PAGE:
JERUSALEM - Muslims heeded calls Monday not to enter a Jerusalem holy site and protested outside after Israeli authorities installed metal detectors at entrances to the ultra-sensitive compound following an attack that killed two policemen.

The compound was largely empty on Monday apart from tourists and Jewish visitors, with Muslims again praying and protesting outside the site instead of entering through the metal detectors.

The Haram al-Sharif compound, known to Jews as the Temple Mount, includes the Dome of the Rock and the Al-Aqsa mosque. Several hundred people could be seen praying outside two different entrances to the site around midday on Monday.

There were protests after the prayer, with crowds shouting: “Aqsa mosque, we sacrifice our souls and our blood.” Police later sought to move them back.

“We will not break the solidarity of the people,” said Jamal Abdallah, a Palestinian who now lives in the US state of Arizona and was planning to visit Al-Aqsa, but changed his mind when he was told of the situation.

Israel installed the metal detectors after Friday’s attack near the holy site that saw three Arab Israelis open fire on Israeli police.

They then fled to the compound, where they were shot dead by security forces. It was among the most serious incidents in Jerusalem in recent years and heightened Israeli-Palestinian tensions.

Israel took the highly unusual decision of closing the compound for Friday prayers, triggering anger from Muslims and Jordan, the holy site’s custodian.

The site remained closed on Saturday, while parts of Jerusalem’s Old City were also under lockdown. Israeli authorities said the closure was necessary to carry out security checks, adding that the assailants had come from within the holy site to commit the attack.

They began reopening it on Sunday, but with metal detectors in place, while security cameras were also being installed in the area. Al-Aqsa officials have refused to enter and have called on worshippers to do the same.

Palestinians view the new measures as Israel asserting further control over the site. Crowds chanted “Allahu Akbar” (God is The Greatest) as they gathered near the Lions Gate entrance to Jerusalem’s Old City on Sunday.

On Sunday night, skirmishes broke out between Israeli police and worshippers outside the entrance, with the Red Crescent reporting 17 people wounded.

With tensions high, two mosques in the northern Israeli Arab town of Maghar were targeted overnight, one with a stun grenade and another by gunshots. No serious damage was reported. One of the two policemen killed in the attack lived in Maghar. Both of the officers were from the Druze minority.

Israeli Prime Minister Benjamin Netanyahu took the decision to install the metal detectors and cameras following a meeting with security officials on Saturday. He also spoke by phone with Jordan’s King Abdullah II on Saturday night before leaving on a trip to France and Hungary. Abdullah condemned the attack, but also called on Netanyahu to reopen the Al-Aqsa compound and stressed the need to “avoid any escalation at the site”.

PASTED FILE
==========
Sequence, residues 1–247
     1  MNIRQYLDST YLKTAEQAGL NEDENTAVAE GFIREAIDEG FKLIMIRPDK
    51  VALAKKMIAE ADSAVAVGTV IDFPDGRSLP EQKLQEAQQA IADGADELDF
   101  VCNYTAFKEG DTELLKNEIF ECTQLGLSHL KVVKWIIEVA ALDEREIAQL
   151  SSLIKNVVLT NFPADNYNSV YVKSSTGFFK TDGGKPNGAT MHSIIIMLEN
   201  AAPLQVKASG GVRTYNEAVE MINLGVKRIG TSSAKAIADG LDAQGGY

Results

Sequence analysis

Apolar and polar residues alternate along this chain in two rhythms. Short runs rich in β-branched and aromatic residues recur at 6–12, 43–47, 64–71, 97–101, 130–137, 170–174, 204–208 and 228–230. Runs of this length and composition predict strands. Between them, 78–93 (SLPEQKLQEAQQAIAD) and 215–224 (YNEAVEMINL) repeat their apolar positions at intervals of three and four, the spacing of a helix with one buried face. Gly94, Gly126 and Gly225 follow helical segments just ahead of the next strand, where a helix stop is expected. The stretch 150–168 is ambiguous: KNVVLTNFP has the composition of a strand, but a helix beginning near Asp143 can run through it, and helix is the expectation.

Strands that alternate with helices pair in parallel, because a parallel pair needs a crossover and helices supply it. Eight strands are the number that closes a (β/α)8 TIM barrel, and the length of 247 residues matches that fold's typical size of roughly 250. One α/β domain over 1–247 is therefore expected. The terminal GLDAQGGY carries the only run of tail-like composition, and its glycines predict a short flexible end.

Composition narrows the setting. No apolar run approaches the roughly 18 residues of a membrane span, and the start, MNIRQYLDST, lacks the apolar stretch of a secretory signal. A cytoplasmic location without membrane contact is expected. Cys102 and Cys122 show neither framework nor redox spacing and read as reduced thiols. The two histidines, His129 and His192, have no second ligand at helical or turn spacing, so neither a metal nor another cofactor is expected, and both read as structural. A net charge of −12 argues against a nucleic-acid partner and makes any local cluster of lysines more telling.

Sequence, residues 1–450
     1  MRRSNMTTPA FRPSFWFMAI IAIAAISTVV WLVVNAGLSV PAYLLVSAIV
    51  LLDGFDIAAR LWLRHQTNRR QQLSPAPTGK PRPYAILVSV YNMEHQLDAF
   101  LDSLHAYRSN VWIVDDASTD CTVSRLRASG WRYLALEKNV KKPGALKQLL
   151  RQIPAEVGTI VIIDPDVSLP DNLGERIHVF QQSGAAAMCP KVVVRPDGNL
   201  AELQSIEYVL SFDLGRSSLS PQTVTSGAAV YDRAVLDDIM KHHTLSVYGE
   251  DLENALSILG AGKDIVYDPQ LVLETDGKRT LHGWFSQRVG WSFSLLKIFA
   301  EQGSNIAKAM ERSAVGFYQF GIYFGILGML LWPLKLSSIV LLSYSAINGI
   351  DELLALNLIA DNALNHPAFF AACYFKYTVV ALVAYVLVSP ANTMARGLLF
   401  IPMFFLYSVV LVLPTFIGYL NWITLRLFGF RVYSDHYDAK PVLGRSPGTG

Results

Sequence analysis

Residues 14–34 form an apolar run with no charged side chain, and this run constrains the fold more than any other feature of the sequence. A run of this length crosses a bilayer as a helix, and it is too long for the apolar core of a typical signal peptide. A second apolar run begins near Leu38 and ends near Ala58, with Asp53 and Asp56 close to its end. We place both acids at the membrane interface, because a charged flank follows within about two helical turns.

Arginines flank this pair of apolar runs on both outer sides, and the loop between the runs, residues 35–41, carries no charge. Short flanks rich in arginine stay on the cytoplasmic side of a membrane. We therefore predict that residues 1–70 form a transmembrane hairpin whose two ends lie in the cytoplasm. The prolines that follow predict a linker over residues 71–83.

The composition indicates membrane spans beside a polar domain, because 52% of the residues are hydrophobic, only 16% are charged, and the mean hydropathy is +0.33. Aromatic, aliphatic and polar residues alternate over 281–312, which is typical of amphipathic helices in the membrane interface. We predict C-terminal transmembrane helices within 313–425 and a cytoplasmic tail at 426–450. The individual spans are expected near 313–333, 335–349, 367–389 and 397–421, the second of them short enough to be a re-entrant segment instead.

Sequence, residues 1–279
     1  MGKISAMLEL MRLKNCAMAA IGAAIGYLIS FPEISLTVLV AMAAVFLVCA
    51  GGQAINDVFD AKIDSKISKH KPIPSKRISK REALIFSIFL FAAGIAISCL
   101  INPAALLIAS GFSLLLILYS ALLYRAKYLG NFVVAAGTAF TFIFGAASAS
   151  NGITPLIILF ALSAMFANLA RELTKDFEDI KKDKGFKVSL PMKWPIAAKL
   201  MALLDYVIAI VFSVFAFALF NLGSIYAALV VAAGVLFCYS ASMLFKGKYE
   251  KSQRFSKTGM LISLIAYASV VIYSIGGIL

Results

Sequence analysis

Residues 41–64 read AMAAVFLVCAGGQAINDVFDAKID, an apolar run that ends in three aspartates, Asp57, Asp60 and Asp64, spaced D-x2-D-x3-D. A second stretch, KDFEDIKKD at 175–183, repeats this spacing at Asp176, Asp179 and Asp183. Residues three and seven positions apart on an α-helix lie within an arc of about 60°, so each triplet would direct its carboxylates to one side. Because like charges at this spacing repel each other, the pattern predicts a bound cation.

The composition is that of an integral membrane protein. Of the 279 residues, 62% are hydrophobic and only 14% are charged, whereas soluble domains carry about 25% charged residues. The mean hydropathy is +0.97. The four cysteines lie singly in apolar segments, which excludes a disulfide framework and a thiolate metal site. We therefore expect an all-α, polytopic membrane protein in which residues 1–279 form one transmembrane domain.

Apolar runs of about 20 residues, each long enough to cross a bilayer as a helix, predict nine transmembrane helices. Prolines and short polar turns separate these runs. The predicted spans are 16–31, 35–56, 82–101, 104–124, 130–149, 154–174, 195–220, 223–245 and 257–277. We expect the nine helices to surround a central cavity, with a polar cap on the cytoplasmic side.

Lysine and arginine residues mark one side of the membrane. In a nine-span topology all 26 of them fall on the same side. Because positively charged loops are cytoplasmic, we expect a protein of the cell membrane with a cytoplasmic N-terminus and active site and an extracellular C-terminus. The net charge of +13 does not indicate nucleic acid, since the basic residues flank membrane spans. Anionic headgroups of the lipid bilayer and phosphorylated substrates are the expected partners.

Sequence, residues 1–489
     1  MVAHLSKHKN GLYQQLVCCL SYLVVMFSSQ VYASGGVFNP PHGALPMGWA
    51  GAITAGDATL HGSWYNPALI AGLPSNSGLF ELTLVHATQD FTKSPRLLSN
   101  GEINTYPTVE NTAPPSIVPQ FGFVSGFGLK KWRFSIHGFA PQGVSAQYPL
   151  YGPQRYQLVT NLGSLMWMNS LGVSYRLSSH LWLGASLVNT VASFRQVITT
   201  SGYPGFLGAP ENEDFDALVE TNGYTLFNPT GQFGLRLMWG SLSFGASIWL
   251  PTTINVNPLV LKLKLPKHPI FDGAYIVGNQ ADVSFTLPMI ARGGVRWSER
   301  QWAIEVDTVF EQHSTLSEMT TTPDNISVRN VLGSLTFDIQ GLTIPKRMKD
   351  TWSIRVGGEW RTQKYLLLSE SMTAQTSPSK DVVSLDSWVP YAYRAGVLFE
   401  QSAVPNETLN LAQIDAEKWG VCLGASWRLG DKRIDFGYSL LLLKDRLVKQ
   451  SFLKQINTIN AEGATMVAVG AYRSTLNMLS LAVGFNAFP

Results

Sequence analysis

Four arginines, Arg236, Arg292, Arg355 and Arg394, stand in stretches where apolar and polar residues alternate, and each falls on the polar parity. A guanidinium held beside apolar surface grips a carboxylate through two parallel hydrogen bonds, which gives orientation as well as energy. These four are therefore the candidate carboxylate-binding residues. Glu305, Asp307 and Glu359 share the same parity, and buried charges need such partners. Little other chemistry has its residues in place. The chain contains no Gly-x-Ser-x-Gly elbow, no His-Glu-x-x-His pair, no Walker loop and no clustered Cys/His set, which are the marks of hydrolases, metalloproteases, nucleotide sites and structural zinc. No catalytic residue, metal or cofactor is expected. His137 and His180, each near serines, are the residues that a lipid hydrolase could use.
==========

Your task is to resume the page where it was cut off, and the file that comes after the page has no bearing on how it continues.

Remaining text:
Palestinian president Mahmud Abbas conveyed a similar message to Netanyahu when the two spoke by phone on Friday in the wake of the attack.

Proposals to change security measures at the compound have sparked controversy in the past.

A plan developed in 2015 between Israel and Jordan to install cameras at the site itself fell apart amid disagreement over how they would be operated.

The Haram al-Sharif/Temple Mount is central to the Israeli-Palestinian conflict.

It is located in east Jerusalem, occupied by Israel in 1967 and later annexed in a move never recognised by the international community. It is considered the third holiest site in Islam and the most sacred for Jews.

Jews are allowed to visit but not pray there to avoid provoking tensions.

Meanwhile, an Israeli soldier who shot dead a wounded Palestinian assailant will be placed on house arrest pending his appeal of his manslaughter conviction and 18-month sentence, the army said Monday.

A military court ruled that Elor Azaria will be placed under house arrest on July 20, when his mandatory three-year military service ends, an army spokeswoman said.

The French-Israeli infantry medic has been under “open arrest” confined to his army base.

Military judges are expected to rule on his appeal on July 30, Israeli media reported. His imprisonment has been postponed pending his appeal.

Azaria was convicted in January and sentenced the next month after a trial that deeply divided Israeli society.

The March 2016 shooting in the occupied West Bank city of Hebron was caught on video by a rights group and spread widely online.

It showed Abdul Fatah al-Sharif, 21, lying wounded on the ground, shot along with another Palestinian after stabbing and wounding a soldier, according to the army.

Azaria then shot him in the head without any apparent provocation.

He said he feared Sharif was wearing an explosive belt and could blow himself up, a claim judges rejected.

The trial captivated Israel and highlighted deep divisions in public opinion between those who decry his actions and those who say he was justified.

A number of Israeli politicians have called for him to be pardoned, including Prime Minister Benjamin Netanyahu.

Amnesty International has said Azaria’s sentence does “not reflect the gravity of the offence,” while the UN human rights office said it was an “unacceptable” punishment for “an apparent extra-judicial killing”.